“That power of expression is exponentially greater than what you can achieve with a flat Web page,” he says. “You take a 3D form that is whatever you like, whether it is humanoid, or a furry, or a robot, or a what-have-you, and you have a greater range of expression. The fact that this place enables such a range of self- expression is exciting to a bunch of people.”

“It is just an extension of what we already do online,” Wallace adds. “It just pushes it out to another dimension.”

Who wants to race giant snails? RacerX Gullwing has got the game for you.

I come to a landing on a platform hovering 150 meters above the land of Montmarte, the home of the Snail Races. The owner and creator of the races, RacerX Gullwing, a large rabbit distinguished by his top hat and suit coat, is busy preparing the racetrack. He waves a cane at a snowman, and seemingly from every direction, large, flat prims (building blocks in Second Life), still gray, still rendering texture and color, hurl past me and drop from above, extending the platform further out into the open air. The size has now easily quadrupled. A few people wander around and chitchat as Gullwing attends to his work. In a half-hour, the race will be on.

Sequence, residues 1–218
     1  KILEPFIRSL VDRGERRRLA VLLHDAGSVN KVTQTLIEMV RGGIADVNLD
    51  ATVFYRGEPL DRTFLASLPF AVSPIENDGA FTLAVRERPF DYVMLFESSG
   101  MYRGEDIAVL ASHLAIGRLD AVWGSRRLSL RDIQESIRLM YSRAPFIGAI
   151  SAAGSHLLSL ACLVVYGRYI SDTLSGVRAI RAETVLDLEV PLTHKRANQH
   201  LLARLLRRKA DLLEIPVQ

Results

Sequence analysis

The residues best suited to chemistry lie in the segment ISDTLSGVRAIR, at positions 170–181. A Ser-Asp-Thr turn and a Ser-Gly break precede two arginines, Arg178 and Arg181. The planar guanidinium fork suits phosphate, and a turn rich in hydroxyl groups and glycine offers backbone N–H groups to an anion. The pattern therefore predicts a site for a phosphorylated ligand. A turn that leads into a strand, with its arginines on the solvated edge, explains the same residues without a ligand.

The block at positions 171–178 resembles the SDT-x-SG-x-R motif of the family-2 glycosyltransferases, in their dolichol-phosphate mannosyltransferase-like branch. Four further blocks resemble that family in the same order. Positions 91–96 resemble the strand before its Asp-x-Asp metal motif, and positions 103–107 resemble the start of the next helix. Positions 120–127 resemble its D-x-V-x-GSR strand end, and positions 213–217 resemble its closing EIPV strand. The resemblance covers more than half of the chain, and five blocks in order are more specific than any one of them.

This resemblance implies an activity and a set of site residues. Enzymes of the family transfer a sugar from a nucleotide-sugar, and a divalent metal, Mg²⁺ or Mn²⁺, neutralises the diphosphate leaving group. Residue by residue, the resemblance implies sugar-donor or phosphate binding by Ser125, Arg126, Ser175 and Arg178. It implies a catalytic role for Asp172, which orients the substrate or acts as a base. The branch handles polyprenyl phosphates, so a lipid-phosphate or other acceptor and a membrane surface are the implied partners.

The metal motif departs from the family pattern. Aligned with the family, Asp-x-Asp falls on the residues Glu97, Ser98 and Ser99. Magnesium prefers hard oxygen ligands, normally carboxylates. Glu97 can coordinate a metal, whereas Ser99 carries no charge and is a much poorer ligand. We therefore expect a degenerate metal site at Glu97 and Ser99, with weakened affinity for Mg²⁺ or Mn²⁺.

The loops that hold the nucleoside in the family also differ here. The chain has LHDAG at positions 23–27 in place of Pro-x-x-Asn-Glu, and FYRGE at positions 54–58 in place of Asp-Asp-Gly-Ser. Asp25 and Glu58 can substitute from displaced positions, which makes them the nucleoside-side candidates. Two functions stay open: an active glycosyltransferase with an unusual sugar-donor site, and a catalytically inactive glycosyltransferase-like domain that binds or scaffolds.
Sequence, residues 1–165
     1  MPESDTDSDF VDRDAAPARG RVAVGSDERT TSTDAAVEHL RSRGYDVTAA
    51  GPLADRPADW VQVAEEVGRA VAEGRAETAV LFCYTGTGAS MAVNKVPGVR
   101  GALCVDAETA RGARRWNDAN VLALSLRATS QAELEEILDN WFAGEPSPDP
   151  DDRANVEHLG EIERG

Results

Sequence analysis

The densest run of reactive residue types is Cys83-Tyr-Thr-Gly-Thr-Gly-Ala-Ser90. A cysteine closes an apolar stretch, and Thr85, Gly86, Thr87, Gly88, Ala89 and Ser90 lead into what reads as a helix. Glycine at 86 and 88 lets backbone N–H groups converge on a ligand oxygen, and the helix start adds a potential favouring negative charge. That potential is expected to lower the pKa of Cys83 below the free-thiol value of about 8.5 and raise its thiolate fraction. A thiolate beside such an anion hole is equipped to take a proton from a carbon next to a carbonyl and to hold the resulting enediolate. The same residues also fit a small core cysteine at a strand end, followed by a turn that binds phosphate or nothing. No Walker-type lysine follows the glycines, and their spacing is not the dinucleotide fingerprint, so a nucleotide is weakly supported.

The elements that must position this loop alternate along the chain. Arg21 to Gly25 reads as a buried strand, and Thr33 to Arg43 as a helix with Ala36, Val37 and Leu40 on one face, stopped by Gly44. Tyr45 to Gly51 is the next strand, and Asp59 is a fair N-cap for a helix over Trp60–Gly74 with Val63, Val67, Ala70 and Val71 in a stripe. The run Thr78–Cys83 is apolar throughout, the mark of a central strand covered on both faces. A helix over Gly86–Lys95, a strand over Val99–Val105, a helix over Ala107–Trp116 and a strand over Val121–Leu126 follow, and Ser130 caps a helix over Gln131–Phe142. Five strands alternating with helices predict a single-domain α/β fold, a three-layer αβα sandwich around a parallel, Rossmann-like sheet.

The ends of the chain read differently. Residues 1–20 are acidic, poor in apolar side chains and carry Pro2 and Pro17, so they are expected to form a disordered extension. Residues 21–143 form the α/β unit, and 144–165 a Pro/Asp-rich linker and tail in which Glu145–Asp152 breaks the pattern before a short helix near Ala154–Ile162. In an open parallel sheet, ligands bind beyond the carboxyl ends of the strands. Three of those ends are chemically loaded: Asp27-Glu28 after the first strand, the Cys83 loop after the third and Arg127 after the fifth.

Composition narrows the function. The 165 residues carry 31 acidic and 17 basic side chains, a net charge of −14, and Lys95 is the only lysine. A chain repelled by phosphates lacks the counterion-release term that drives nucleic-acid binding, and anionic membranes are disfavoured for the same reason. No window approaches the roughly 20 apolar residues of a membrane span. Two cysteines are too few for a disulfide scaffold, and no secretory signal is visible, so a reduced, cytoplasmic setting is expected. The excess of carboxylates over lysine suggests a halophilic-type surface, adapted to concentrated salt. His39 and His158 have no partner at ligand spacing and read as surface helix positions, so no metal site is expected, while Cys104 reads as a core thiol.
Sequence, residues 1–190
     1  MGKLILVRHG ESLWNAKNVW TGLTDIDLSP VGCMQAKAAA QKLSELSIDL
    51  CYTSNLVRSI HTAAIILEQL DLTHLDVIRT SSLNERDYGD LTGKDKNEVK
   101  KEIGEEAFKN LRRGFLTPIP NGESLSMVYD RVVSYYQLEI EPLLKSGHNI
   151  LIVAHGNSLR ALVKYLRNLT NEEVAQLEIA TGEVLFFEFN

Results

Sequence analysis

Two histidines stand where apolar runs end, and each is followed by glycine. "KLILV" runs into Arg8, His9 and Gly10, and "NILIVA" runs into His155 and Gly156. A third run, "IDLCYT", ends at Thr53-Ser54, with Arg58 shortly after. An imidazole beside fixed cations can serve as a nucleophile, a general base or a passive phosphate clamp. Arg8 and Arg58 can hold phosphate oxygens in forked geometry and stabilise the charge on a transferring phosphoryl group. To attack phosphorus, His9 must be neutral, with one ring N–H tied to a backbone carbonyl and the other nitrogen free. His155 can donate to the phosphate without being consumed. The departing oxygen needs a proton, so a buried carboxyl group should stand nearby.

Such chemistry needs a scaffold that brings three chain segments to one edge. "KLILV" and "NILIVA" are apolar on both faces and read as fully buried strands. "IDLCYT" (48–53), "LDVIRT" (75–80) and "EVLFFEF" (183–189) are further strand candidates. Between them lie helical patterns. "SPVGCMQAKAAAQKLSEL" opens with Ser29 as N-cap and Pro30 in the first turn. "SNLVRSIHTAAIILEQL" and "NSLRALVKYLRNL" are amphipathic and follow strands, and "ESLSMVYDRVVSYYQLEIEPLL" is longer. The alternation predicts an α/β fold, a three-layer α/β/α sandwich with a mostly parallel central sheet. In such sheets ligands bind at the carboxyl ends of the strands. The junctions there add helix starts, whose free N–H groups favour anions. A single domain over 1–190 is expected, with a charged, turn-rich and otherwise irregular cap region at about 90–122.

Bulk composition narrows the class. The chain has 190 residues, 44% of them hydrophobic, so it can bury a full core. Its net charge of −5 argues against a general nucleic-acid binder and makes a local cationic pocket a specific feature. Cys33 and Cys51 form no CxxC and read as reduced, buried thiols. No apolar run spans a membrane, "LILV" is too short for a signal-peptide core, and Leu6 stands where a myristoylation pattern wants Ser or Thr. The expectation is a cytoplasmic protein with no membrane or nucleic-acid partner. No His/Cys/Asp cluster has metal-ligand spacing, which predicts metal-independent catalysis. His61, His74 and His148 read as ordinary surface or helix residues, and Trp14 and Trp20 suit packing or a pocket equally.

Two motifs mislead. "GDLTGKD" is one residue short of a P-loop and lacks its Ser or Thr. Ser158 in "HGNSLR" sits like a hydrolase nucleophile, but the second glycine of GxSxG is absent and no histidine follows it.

Since I am early, and I have time to kill, I try on my new leather jacket. Not bad—it’s a biker jacket, nothing I would wear in RL (real life), but it was free. I switch the tint of my sunglasses from violet to black, and, for full effect, I switch the color of my eyes from realistic fawn to a glowing red.

The sky goes dark, and the stars come out. A deep fog rolls over the platform. The racers have climbed into their giant snail vehicles and are lined up at the starting gate. I join a few other spectators on the bleachers and watch as streams of bubbles float from the mouths of these massive racing snails.

The race is a confusing contortion of the lumbering snail bodies. They run, leap and maneuver tight turns on a track that must have logic to it, but at the moment, is lost on me. I try to take a virtual picture, and my computer freezes. I am kicked out.

I panic. The race is still going on, but I am missing it. I load Second Life back up as quickly as I can, but it takes so long.

The login screen tells me that 22,000 other people are inworld right now—which is about average.

Four minutes pass, and I watch as my avatar reappears and makes his way back to the racetrack just in time to see the winning snail skid across the finish line. The sky fills up with purple, green, red and yellow fireworks exploding in celebration.